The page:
Destiny 2: Lightfall fails to deliver its Infinity War moment

The comparison between Destiny 2: Lightfall and Avengers: Infinity War is immediate from the opening moments of Bungie’s latest expansion. There is no more exposition to get through; the Witness, a mythical villain that represents the root of the Darkness that Guardians have fought against for close to a decade, is here, and the Traveler who has given our heroes the Light and their god-like abilities is under direct threat. The stakes couldn’t be higher, but Lightfall doesn’t live up to that moment.

I’m not drawing connections here that shouldn’t be made — the bombastic opening moments of Lightfall call back Infinity War‘s unrelenting momentum in its first act. The Traveler is under siege in Lightfall and Guardians are dismantled by a flick of the Witness’ wrist, echoing the immediate slaughter brought by the hands of Thanos moments before he arrived on Earth. That feeling is the same; our antagonist is here, and there’s nowhere else to run. In the final moments of the campaign, a member of my fireteam even exclaimed, “hey, that’s a line from Infinity War.

A titan wielding a grenade launcher in Destiny 2..

It’s clear that Lightfall is a two-part conclusion to Destiny 2‘s Light and Darkness saga, one that won’t be fully completed until The Final Shape arrives in 2024. But while the stakes are high for what should have been a thrilling conclusion, there are no consequences. Marvel’s storied cinematic universe is in rocky water right now, but the Infinity Saga came with hard-fought momentum and devastating consequences. Lightfall fulfills the first half and falls woefully short on the second.

High stakes, no consequences

It’s hard to avoid spoilers here, so consider this your warning, but that’s the main problem with Lightfall. Very little actually changes by the end of the story. You’re sent around a new location, Neomuna, and it feels like there’s momentum. But the final moments of Lightfall haven’t changed much about how the Destiny universe works compared to the end of The Witch Queen era.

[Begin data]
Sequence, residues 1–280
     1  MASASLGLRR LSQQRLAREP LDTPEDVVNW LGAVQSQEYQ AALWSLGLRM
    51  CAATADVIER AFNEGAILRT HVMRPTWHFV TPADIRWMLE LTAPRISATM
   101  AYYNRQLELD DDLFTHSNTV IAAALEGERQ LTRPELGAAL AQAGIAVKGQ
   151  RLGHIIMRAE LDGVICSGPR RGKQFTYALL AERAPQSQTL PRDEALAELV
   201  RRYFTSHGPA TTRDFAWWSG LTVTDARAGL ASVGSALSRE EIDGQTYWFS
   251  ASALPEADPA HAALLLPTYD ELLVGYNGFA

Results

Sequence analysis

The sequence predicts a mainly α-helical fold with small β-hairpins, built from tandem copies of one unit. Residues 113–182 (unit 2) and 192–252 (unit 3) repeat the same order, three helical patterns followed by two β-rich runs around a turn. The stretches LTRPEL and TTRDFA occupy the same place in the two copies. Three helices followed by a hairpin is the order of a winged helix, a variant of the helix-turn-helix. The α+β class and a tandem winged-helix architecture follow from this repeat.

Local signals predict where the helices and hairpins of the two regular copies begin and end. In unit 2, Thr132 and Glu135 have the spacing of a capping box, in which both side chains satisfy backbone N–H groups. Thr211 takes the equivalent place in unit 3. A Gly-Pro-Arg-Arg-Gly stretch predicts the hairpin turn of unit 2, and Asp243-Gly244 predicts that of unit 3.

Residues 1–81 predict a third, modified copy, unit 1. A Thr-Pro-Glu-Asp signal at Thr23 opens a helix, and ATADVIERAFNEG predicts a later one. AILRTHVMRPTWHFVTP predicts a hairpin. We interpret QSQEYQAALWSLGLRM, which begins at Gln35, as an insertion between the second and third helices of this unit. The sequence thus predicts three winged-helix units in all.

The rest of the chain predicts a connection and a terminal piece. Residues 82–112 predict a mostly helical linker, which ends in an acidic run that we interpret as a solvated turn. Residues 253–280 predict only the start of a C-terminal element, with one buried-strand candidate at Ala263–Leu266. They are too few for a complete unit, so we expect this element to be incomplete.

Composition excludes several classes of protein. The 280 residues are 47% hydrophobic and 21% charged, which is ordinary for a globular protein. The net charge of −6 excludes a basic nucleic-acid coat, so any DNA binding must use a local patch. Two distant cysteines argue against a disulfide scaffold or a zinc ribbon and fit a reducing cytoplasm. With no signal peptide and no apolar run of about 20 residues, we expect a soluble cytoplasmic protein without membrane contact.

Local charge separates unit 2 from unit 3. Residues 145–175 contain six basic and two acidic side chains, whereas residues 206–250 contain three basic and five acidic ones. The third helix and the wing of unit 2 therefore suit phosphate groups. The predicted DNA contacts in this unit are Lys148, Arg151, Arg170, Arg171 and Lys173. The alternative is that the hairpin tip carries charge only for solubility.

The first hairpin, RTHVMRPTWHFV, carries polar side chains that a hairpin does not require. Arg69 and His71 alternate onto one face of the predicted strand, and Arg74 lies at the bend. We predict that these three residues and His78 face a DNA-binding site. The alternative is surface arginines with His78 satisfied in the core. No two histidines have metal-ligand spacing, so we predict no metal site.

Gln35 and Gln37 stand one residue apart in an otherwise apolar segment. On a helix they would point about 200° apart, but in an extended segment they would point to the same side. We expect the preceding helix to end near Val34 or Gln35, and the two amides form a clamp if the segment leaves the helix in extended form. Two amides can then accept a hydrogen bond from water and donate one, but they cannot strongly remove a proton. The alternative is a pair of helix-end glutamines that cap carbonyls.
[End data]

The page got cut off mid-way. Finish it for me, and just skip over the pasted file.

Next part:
Let’s get in the weeds of the narrative for a moment (get ready for a lot of proper nouns). You’re sent to Neomuna because Calus, an old face from Destiny 2, has set up his Shadow Legion there. Calus is a new disciple of the Witness, following in the footsteps of Rhulk that players saw in The Witch Queen. Why is Calus on Neomuna? The Veil.

A guardian standing with Caitl in Destiny 2.

The Veil is something, but I couldn’t tell you what exactly. Apparently, it’s needed for the Witness to gain access to the Traveler and harness the Light, but very little is explained about what the Veil is, how it works, and more importantly, why this is the first time we’re hearing about it. Despite that, everyone you interact with during the story knows exactly what the Veil is, so much so that none of them feel the need to explain this fundamental driving force behind the narrative to you.

This is even more problematic considering the end of Season of the Seraph, the last season in The Witch Queen era. The story caps off with the Traveler leaving before being chased back by The Black Fleet, cornered with nowhere else to run. There was a sense of loss; the Traveler was abandoning us. But Lightfall doesn’t follow up that loss with the true consequences of what the Traveler leaving would mean — instead, it runs you around a big circle to end up almost exactly where the last year of Destiny left off.

That’s where Lightfall fails in its Infinity War moment. There are no consequences. In Infinity War, there’s a devastating ending where half of the much-loved MCU is snapped away, and although many of those familiar faces come back in Endgame, they’re not the same. Bungie set up stakes where it wanted to fundamentally change the Destiny universe, but it didn’t change anything. Characters act as if the world of Destiny has shifted, but I was never along for the ride with them.